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No ordinances against debris on property outside city limits

By: Paula Walter
Assistant Editor

Recent concerns raised at previous county commissioners’ meetings regarding debris and unsanitary conditions in the county led The Tomahawk to look into any ordinances and regulations currently in place in Johnson County.
At the June county commission meeting, David McLemore asked the commissioners to consider implementing an ordinance to address residential properties that were overgrown, unkempt, had unsanitary animal pens or junk metal on the premises. At that time, no motion was made concerning his request. McLemore returned to the July meeting, again addressing his concerns. After some questions by Jerry Grindstaff, the commissioner stated he had researched the property in question and found it had been in the same family for three generations. He added McLemore could accept his neighbors as they are or he could move to another location where there may be more controls in place, such as an area with a homeowner’s association or a move to Watauga County. McLemore addressed concerns he had regarding social issues and child endangerment in regard to unsanitary conditions in the county before he left the courtroom. Attempts to reach Grindstaff for comment have been unsuccessful as of press time.
While Mountain City has multiple regulations concerning junked or abandoned vehicles, overgrown and dirty lots, stagnant water, weeds, dead animals and homes that are not fit for human occupation that are subject to fines, Johnson County does not.
“There is no zoning and no specific ordinances,” said Johnson County Mayor Larry Potter, although there are specific requirements for trucks carrying loads to be covered with tarps. The State of Tennessee has been called on in the past to lend assistance for oil spill issues and clean up.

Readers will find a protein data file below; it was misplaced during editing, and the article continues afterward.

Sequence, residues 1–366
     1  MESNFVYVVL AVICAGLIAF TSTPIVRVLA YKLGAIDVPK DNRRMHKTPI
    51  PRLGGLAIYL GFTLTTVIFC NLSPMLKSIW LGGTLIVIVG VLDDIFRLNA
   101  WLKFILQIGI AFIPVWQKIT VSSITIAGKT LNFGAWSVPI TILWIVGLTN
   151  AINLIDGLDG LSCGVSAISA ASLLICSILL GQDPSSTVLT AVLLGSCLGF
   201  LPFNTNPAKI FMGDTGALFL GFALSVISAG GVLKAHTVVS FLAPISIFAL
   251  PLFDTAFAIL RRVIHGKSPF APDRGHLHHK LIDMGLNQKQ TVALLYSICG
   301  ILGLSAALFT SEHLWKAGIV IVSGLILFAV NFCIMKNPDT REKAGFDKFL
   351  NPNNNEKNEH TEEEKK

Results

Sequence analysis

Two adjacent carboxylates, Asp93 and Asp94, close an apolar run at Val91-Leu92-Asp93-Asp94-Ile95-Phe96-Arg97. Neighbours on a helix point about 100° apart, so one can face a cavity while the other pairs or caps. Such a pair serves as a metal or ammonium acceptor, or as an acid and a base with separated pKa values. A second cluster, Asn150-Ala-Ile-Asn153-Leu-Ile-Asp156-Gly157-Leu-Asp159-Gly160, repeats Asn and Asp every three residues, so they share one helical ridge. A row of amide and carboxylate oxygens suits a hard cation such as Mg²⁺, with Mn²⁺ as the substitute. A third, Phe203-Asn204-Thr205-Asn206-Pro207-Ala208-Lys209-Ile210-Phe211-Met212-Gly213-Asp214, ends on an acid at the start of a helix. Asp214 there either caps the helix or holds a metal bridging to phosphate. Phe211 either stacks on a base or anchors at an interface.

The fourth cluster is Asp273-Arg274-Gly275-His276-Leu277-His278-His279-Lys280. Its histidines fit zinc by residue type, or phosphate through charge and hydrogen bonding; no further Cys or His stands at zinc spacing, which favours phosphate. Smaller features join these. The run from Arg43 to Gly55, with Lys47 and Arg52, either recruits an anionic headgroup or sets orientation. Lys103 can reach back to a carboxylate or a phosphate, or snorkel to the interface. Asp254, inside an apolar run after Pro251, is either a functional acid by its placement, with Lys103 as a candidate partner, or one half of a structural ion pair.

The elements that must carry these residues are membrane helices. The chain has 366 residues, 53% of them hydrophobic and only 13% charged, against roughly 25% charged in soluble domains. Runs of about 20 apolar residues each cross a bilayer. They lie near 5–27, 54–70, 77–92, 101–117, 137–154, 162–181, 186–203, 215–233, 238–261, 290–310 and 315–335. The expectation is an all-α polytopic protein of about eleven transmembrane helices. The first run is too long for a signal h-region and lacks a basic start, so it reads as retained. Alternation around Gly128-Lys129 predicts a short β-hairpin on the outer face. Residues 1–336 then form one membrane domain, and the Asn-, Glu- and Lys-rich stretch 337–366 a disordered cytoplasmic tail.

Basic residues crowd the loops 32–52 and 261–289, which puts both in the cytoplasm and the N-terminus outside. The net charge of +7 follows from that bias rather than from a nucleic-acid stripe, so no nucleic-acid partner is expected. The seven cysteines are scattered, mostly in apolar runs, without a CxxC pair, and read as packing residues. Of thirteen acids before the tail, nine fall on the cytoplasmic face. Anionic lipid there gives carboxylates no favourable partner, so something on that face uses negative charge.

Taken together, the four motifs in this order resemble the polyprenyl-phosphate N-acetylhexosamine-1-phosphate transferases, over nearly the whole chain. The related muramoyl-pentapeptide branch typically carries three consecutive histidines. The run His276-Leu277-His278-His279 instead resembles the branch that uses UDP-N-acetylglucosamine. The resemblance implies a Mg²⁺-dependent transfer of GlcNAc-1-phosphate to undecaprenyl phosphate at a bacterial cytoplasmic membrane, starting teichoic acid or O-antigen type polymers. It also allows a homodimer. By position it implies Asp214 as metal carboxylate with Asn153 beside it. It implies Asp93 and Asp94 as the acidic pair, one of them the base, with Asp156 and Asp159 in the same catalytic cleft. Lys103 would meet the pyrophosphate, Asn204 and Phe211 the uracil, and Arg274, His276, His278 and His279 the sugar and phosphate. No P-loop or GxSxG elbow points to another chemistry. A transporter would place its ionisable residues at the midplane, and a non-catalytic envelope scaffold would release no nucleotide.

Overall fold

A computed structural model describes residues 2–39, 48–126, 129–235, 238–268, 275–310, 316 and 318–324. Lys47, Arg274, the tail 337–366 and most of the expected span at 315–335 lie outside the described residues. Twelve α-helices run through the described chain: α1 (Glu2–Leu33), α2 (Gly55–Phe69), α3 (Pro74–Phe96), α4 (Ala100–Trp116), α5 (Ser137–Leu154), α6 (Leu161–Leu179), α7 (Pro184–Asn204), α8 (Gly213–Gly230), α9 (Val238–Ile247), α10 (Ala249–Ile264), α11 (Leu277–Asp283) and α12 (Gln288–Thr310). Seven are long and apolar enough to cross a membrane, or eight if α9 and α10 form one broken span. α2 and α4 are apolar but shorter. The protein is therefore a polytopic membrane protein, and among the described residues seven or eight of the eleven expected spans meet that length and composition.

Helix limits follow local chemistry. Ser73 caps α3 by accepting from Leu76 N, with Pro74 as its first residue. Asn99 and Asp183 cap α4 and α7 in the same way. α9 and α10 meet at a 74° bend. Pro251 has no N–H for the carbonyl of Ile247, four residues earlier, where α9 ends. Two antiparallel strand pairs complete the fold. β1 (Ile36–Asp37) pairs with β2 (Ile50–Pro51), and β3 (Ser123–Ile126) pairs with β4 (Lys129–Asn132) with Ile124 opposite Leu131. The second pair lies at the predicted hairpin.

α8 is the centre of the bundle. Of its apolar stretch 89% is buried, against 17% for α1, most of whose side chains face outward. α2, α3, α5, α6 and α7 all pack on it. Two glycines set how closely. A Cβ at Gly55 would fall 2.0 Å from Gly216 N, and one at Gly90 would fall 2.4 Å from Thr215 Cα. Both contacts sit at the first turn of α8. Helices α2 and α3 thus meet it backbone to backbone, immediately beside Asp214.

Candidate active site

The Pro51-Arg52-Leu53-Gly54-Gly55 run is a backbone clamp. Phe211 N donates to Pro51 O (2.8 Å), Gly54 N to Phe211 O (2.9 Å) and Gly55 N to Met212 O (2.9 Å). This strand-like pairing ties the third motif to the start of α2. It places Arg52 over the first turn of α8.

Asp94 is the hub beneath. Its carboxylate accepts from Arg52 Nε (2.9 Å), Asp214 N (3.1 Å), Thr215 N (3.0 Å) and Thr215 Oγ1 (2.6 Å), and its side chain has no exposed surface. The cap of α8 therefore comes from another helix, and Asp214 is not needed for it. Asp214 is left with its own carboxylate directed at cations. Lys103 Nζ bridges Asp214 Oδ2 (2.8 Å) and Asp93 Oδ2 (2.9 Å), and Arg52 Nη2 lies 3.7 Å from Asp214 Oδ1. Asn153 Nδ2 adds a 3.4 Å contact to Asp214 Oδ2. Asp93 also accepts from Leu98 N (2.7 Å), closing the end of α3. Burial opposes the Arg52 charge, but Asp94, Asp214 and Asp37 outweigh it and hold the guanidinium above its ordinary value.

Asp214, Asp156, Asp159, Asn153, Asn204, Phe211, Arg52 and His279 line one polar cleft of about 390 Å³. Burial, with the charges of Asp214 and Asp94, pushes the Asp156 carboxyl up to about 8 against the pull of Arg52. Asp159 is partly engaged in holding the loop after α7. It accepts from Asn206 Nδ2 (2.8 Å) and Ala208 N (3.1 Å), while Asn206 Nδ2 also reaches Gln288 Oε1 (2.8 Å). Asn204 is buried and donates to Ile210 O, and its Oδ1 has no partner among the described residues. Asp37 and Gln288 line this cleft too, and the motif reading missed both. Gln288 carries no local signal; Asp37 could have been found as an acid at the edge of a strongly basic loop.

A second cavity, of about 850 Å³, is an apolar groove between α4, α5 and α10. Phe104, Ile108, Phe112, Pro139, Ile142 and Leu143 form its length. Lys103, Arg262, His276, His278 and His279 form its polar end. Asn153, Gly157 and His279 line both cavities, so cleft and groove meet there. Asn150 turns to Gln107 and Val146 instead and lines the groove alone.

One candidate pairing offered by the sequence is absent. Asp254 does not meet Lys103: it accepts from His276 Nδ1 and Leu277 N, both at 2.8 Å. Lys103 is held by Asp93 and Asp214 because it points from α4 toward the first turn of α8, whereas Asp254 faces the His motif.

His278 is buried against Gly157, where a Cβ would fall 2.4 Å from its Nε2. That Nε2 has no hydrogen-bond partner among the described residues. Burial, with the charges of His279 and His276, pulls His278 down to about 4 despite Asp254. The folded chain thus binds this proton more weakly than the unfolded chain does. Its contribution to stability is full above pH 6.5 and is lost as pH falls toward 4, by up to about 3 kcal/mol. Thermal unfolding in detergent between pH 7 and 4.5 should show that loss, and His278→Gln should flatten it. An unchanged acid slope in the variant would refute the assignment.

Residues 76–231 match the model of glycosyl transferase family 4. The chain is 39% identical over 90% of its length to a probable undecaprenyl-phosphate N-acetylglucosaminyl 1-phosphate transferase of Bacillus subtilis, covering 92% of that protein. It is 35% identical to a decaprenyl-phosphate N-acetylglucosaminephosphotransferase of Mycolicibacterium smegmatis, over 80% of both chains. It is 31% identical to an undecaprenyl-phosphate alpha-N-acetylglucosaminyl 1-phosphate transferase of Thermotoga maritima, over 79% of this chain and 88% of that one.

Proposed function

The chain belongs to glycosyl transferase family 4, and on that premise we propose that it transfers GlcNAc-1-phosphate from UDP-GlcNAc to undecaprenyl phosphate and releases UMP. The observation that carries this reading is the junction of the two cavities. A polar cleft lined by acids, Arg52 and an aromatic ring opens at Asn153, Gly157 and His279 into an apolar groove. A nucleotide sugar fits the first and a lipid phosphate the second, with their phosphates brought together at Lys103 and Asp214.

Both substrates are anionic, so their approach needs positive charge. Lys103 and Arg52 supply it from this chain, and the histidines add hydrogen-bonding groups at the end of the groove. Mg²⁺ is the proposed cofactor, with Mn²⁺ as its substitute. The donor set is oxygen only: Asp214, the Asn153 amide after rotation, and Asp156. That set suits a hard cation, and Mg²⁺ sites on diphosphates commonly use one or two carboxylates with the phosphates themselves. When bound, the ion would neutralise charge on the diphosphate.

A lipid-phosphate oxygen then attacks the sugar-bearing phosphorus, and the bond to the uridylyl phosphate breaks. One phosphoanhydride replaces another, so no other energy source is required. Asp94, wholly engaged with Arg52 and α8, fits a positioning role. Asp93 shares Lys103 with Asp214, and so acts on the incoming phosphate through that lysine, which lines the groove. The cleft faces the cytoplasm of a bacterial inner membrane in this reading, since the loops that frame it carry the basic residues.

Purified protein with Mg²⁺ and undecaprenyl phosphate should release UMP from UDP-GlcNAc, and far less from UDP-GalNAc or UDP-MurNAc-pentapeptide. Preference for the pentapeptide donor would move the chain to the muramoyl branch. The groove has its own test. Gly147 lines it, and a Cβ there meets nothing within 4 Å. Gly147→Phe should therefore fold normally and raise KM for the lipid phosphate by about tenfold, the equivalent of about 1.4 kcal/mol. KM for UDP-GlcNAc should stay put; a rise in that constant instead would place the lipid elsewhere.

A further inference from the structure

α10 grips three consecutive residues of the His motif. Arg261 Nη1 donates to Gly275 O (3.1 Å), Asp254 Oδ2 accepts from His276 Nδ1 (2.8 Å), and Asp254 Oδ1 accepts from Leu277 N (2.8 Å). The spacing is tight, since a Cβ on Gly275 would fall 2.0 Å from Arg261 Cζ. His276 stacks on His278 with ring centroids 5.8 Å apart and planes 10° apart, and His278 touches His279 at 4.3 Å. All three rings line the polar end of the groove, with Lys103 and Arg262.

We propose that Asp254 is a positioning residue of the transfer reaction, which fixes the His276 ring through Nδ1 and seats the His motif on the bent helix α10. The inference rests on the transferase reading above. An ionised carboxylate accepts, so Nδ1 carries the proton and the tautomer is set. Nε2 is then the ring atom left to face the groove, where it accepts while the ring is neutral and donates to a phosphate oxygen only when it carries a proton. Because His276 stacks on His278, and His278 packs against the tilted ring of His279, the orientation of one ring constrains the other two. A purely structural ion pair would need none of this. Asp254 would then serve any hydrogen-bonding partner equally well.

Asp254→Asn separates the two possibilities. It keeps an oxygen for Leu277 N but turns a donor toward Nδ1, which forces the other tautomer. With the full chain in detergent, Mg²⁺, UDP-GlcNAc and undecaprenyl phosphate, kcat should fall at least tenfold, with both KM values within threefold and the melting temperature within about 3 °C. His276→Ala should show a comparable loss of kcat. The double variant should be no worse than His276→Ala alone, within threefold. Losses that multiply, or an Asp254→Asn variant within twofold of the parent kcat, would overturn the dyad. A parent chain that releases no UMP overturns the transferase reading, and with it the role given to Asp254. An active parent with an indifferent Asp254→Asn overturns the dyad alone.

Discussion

According to Johnson County Tax Assessor Matthew Lewis, evaluations to determine the value of homes and properties are based on inspections of structural issues on the home itself, including foundations, any cracks or settling that might indicate problems, as well as the condition of windows in the unit. The assessment for tax purposes is strictly based on these parameters.
However, the value of real estate for selling purposes is very much impacted by surrounding properties.
“The aesthetic value or curb appeal is the most key thing about selling a place,” said Rudy Lucas with Mullins Real Estate.
Sandy Hammons is in charge of litter control in Johnson County. Her jurisdiction only encompasses county road right-of-ways.
“There’s nothing I can do,” said Hammons with regard to debris on private properties. “There is nothing in place.”

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